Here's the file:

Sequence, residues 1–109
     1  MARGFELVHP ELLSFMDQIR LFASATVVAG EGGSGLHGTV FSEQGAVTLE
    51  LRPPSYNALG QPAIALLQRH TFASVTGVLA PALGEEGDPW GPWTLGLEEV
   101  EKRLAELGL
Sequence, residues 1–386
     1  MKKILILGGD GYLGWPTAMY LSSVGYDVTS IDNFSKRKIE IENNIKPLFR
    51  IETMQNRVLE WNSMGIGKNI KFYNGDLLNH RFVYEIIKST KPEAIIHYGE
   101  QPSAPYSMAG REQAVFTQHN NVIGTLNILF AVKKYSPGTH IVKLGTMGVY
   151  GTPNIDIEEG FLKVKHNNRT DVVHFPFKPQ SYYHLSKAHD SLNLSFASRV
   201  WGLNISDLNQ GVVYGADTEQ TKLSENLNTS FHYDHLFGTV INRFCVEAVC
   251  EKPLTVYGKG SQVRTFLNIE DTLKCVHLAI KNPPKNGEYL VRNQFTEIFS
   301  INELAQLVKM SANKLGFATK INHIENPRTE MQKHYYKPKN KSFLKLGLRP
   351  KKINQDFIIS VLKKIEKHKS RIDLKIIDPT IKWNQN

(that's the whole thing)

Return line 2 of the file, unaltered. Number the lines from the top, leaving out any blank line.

     1  MARGFELVHP ELLSFMDQIR LFASATVVAG EGGSGLHGTV FSEQGAVTLE